With a Capital “P”

The first allusion to God in the Steps is found in Step Two, where He is referred to as “a Power greater than ourselves.” Note the capitalization. It is evident that we are not just talking about any power that happens to be stronger than we are. If that were so, then the recovering person might choose to believe that gravity or electromagnetism could restore his or her sanity. Those powers are greater than we are. We certainly cannot defy their effects. But we also have no reason to believe that they can do anything for us other than blindly impose their influences as dictated by the laws of nature. When we speak about Power—that is, the proper (capitalized) rather than common (uncapitalized) noun—we are talking about a force that transcends all other powers in the universe.

The Zohar says, “Master of the Worlds, You are the Highest of the High, the Causer of Causes.” Maimonides expresses much the same idea in his Laws of the Foundations of the Torah, albeit in a more philosophical tone, where he writes:

[God] is the cause of all that exists . . . and there is no possibility that He does not exist, because without Him, all existence would cease. [Whereas] if we could imagine the absence of all existence other than His, the existence of God would not cease or diminish, for He is self-sufficient, and His existence requires nothing other than Himself.

In other words, although the phrase “a Power greater than ourselves” may lend itself to being interpreted as any power the effects of which are unavoidable, if read in the context of the rest of the Steps it is obvious that the “Power” mentioned in Step Two is not the sun or the ocean tides, but the same God who is explicitly mentioned throughout—the God who restores sanity (Step Two), who cares for the individual (Step Three), who removes character defects (Steps Five, Six and Seven), and who lets His will be known and grants power to the individual to adhere to that will (Step Eleven).

Still more context will be of even greater help to us in understanding the Power alluded to in the Second Step. In the Big Book, just before the Steps are first enumerated, this idea is stated unambiguously: “Without help, it is too much for us. But there is One who has all power—that One is God. May you find Him now!” (p. 59). Clearly, when Step Two speaks of a Power, it does not mean just any power. It really means the “One.” It means God.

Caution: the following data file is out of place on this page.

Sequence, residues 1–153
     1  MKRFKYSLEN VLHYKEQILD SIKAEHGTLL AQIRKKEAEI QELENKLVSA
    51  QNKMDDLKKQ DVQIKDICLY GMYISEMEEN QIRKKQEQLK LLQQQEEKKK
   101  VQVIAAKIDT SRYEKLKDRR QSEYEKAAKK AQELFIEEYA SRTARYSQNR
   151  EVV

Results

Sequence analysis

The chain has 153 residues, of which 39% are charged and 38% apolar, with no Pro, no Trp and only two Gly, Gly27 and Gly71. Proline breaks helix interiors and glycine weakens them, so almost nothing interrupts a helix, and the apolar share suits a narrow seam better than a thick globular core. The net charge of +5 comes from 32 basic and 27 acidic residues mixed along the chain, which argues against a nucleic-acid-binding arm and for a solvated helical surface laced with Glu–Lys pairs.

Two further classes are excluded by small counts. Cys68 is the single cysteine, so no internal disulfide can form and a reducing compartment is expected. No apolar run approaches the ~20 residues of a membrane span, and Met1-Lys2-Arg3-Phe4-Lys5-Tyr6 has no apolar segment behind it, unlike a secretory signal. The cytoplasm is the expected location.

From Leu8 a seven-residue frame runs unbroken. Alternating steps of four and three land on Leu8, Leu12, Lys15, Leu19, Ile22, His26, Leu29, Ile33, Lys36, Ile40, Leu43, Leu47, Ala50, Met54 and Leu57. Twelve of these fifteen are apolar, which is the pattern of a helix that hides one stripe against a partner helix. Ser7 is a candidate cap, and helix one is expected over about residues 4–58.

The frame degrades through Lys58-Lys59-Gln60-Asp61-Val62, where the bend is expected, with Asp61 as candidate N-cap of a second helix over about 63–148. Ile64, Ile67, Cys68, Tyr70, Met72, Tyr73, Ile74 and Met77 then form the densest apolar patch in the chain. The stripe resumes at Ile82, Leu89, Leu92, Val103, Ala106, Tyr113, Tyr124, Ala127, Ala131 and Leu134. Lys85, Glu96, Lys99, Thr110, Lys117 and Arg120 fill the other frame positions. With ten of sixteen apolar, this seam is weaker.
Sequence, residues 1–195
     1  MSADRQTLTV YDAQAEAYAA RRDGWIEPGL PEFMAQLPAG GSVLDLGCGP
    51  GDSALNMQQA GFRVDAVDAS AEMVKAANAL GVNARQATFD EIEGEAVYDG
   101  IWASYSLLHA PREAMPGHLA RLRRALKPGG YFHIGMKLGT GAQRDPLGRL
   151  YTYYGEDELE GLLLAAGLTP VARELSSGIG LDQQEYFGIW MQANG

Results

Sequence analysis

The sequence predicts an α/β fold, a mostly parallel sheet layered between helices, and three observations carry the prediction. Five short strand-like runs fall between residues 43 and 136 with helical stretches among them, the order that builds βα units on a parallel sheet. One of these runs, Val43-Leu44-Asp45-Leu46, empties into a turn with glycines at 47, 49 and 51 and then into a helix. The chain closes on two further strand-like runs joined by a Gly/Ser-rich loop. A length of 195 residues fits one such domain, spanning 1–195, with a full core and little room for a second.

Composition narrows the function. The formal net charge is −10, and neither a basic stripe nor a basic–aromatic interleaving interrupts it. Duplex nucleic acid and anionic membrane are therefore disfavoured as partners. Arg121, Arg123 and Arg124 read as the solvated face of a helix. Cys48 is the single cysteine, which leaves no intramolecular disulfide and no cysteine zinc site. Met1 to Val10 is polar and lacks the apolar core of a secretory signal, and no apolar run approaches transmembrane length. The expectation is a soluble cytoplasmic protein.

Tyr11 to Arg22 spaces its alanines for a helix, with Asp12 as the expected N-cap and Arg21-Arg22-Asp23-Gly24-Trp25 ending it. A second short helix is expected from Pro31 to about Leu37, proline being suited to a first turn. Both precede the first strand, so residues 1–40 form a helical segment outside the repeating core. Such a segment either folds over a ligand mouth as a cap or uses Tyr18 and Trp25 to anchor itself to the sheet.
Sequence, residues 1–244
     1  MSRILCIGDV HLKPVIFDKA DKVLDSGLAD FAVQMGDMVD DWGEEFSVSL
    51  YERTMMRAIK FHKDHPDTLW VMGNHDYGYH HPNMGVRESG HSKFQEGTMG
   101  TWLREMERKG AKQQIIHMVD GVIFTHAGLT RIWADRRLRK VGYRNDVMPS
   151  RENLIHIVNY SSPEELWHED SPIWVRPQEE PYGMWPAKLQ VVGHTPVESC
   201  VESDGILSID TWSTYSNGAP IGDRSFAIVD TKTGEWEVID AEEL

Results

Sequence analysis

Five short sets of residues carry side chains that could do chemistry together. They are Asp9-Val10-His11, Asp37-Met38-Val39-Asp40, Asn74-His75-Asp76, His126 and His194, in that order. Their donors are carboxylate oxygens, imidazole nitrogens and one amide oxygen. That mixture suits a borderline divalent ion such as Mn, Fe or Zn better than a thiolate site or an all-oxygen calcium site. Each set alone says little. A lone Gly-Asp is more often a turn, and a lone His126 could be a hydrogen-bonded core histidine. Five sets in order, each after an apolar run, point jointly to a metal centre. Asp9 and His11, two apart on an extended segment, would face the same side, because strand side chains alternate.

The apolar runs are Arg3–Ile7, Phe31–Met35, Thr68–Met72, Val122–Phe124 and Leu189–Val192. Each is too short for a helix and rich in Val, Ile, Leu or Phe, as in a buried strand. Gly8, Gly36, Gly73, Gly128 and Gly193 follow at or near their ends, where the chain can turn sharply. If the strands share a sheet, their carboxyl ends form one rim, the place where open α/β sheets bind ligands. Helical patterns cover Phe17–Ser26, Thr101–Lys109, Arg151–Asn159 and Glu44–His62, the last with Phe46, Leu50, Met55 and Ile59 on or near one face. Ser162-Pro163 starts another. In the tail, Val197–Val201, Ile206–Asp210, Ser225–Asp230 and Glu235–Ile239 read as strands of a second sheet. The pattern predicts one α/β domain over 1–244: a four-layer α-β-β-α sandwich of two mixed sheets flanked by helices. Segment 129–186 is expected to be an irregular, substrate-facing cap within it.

Higher or Highest

One still might ask: if this Power is indeed singular and unique, if it is none other than the Power behind all other powers, then why is it referred to only as “a Power” (with the indefinite article) and not “the Power”? Perhaps the following story will prove illuminating.

A well-known AA old-timer, Clancy I., talks about his early experiences grappling with belief. He relates how he told his sponsor that he could not believe in God. His sponsor asked him whether he could believe in the concept of God and just not use the word “God.” Clancy said that he could not. The sponsor asked him whether he could believe in the power of the AA group. Clancy said that he could not manage to do that either. Finally, the sponsor asked him, “Can you admit that I am doing better than you?” Clancy said that he could. “Congratulations, kid,” said the sponsor, “you’ve just met your new Higher Power.”

More telling than the story itself is its epilogue. Years later, Clancy’s sponsor stopped working the program, got drunk and died. What was Clancy to do now, what with his “Higher Power” being dead and all? Would he lose his direction, his faith? Not at all. As Clancy explains it, by the time he lost his sponsor, Clancy already believed in God. It was his belief in his sponsor as a power greater than himself that was the necessary first move away from self-reliance. Once he was able to accept his dependence upon something outside of his own ego, he had already begun his journey toward finding God.

In other words, it is most probably safe to say that a person can get sober, and work an effective Second Step, just by believing in any power.

Indeed, it is often the case that belief in a higher power—any higher power!—is that which marks the nascent beginnings of a process toward discovering the Highest Power. It is the Highest Power that is referred to explicitly in the following Steps, which come right out and unambiguously invoke the word “God.” Therefore, while Step Two does not tell us that we need to believe in God per se, it most certainly begins to lead us in that direction.

I once heard an Al-Anon speaker share a story about a friend of hers, an avowed atheist, who could not “come to believe” and take Step Two.

One day, she was sitting in her kitchen and looking out her window while bemoaning the fact that she could in no way bring herself to believe in any power greater than herself. Her rational mind just wouldn’t allow it. Suddenly, she took notice of a great oak tree that grew on the property, and she began to think, “I could not make that oak tree. That oak tree must be a power greater than myself.” That was her conclusion, and so she began talking to the oak tree, pouring her heart out to the oak tree in times of distress. And she felt better. Well, there came a day when she moved away from that house and had to leave the oak tree behind. She had been years in recovery by that time, and had been pouring her heart out to the oak tree, and now she would have to leave it behind. What happened next, however, left her delighted and surprised. As she said: “I left that house and the oak tree stayed behind. But what do you know? God came with me.”